Friday, May 27, 2011

Spinach & Mushroom Risotto


I know I said I don't really like rice, and it is mostly true. I think of it as a thing that you eat with more interesting stuff. Risotto is not really just rice, though. It's a dish that calls for rice as an ingredient. Don't be put off because you find risotto on restaurant menus, it isn't complicated or difficult to make, and you don't even need special rice to do it. I know everybody says to use arborio or carneroli rice, but I read some instructions from a real Italian lady, and she said it doesn't matter. So I used sushi rice, and it turned out great. Also, it cooks faster than you would think. The whole recipe took me at most 45 minutes from "Oh what the hell do I cook?" to scarfing risotto while typing this post. This is a small recipe, good for a single-gal-sized dinner with a dab of leftovers in case I wake up ravenous at 4 AM. It happens.

a generous half cup of sushi rice
a cup of sliced brown button musrooms
2 green onions, finely sliced
butter and olive oil for frying
hot water and about 1/2 teaspoon broth concentrate
a pinch of fresh herbs, I used about 1 leaf of sage an an equal amount each of rosemary & thyme
a generous handful of baby spinach leaves
about 1 ounce of freshly grated parmesan

Put a kettle of water on to heat up while you chop the veggies.

Put about 1 tablespoon each of butter and olive oil in a heavy skillet, and heat to medium. Saute the mushrooms and onions until the mushrooms loose about half their volume and start to look a little dry. Remove them from the pan.

If the mushroom goop in the pan looks pleasantly brown rather than burnt black, add another tablespoon of oil to the pan and dump in the rice. (If it is burnt, just rinse out the pan and start fresh.) Stir the rice around for one or two minutes until the grains start to get a little bit brown, then put the mushrooms back in. Pour in about 1/2 cup of hot water and stir it around quickly. Pour in another half cup when about 3/4 of the first round has disappeared. Add the broth concentrate somewhere around here. Keep stirring and adding water as the pan dries out. When the rice is about half cooked, add the herbs and pepper.

Eventually, a thick, smooth, sauce will develop around the grains and veggies. It's done when the rice is al dente. Remove the pan from the heat, stir in the cheese and serve immediately.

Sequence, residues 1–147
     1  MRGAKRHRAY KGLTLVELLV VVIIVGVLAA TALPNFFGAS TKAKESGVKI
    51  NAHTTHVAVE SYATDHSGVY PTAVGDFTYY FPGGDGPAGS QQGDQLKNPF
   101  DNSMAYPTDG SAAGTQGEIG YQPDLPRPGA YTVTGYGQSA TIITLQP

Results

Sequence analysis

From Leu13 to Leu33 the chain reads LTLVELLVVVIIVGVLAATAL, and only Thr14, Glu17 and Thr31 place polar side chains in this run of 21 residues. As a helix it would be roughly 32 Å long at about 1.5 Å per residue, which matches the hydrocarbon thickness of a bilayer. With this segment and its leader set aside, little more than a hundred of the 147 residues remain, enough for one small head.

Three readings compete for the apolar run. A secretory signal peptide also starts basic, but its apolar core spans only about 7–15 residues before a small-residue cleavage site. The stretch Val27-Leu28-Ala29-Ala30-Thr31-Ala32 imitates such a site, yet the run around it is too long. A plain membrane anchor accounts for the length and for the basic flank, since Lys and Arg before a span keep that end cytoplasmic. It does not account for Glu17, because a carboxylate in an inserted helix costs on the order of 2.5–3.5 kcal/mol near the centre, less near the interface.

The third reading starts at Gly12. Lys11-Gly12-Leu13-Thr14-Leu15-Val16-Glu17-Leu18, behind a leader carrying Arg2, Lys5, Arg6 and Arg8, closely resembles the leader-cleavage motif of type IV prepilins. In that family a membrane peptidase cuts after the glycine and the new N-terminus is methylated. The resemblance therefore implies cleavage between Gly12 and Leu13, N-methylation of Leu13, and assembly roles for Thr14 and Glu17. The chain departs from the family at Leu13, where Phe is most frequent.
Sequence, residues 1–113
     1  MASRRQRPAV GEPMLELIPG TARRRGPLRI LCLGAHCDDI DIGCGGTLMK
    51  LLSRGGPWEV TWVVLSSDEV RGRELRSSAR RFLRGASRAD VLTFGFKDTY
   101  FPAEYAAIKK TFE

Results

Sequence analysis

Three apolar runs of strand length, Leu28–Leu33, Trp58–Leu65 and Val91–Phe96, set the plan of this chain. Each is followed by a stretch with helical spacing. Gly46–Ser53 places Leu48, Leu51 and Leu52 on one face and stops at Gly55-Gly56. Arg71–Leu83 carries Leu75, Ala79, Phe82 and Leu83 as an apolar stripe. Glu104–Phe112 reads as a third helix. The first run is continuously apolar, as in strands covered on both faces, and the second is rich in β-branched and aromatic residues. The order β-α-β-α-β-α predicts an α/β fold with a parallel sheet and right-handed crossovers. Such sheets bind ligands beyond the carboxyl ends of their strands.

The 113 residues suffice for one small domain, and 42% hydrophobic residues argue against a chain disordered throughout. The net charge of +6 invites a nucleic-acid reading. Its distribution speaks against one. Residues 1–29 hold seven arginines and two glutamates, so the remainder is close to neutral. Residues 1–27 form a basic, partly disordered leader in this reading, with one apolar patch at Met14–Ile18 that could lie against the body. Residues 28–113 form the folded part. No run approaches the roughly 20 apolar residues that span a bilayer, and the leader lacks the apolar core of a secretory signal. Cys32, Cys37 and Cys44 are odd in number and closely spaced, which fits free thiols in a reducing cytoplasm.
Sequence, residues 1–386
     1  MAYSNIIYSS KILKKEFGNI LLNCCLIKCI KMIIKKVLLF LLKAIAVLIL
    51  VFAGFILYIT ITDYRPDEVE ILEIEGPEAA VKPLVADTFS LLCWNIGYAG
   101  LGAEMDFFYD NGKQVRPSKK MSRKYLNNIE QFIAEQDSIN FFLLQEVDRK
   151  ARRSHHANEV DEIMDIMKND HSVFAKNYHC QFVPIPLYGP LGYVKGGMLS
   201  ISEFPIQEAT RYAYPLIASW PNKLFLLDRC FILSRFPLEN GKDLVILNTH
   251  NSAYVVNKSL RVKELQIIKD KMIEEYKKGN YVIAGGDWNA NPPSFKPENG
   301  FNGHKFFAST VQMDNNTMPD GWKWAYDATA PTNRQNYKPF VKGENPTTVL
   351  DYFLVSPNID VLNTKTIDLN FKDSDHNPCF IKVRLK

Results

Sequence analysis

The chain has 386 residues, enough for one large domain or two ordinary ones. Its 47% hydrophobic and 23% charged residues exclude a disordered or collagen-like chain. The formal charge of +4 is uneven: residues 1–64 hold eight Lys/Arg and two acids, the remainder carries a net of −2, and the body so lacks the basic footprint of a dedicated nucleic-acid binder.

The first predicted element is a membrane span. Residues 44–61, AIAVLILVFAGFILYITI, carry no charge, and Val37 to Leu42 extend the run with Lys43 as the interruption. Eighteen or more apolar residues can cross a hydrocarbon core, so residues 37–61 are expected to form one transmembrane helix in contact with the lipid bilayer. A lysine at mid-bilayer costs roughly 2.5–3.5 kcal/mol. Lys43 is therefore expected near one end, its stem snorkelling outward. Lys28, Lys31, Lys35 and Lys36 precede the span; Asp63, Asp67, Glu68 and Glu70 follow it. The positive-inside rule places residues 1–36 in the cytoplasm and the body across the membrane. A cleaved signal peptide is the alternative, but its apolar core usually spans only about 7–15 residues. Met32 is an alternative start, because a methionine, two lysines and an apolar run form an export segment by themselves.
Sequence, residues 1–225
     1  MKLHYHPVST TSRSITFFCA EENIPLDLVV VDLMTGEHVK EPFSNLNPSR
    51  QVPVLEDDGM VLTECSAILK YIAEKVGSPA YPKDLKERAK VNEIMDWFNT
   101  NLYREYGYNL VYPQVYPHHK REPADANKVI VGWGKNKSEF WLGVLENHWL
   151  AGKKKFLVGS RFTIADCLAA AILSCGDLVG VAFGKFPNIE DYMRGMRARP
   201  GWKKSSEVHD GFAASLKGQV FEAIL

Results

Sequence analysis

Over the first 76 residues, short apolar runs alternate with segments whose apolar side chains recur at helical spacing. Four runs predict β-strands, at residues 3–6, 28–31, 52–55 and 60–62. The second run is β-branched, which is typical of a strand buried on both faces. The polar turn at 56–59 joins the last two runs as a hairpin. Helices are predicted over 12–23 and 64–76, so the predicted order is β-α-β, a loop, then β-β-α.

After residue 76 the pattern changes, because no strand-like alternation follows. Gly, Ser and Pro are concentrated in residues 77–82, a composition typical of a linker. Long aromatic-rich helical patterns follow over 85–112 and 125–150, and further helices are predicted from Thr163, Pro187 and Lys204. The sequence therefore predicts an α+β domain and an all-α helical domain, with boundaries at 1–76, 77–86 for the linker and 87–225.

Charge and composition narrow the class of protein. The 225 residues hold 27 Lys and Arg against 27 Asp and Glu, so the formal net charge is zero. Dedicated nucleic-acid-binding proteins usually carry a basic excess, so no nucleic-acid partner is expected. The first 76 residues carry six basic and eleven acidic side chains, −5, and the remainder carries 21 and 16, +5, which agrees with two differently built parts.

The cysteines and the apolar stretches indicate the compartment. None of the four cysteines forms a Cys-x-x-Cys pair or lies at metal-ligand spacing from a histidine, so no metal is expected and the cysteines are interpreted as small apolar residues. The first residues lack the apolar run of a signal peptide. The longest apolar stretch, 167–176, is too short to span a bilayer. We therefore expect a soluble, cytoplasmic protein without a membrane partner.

1.  Keep the pan hot. The first cup of water should sizzle pretty vigorously in the pan. There should be continuous bubbling and stirring.
2.  As you cook, don't let it dry out completely. Let the sauce build up. The finished texture should be like a very rich savory porridge.
3. Most recipes call for stock, but I went with the broth concentrate because I could just drop the concentrate in the pan and add water as needed, instead of measuring out a pot of stock and then either having too much or too little. And having to wash another dish.
4. While the soup concentrate was an acceptable shortcut for me, anything but fresh cheese was not. The cheese contributes more to the flavor of the dish, and the stuff in the green can that goes on spaghetti does not taste the same at all. Also, fresh cheese melts and adds a creamy texture to the risotto, which green-can cheese, being quite dry, will not do.

I read about a dozen risotto recipes before making this. One thing I did not have was wine, which many recipes call for. It seems to be traditional to add a splash of a dry white in with the broth. Garlic is another common addition, but I just wasn't in the mood. Everything else is pretty much up for grabs. I read recipes with chicken, with asparagus, or fava beans, or broccoli, they had different sorts of cheeses, lots of recipes had lemon, and one that really made me think huh was a version with beets and sharp cheddar. I don't know that I'd like a cheddar flavored risotto, but I started thinking that pancetta or bacon and beets with some white wine and gruyere would be pretty nice. You can even make pretty decent vegan risotto, with a good vegetable stock. Just no soy cheese, for chrissakes, that stuff is so vile. If you go vegan, add a drizzle of olive oil and a pinch of sea salt just before serving to give it the richness that real cheese would add.


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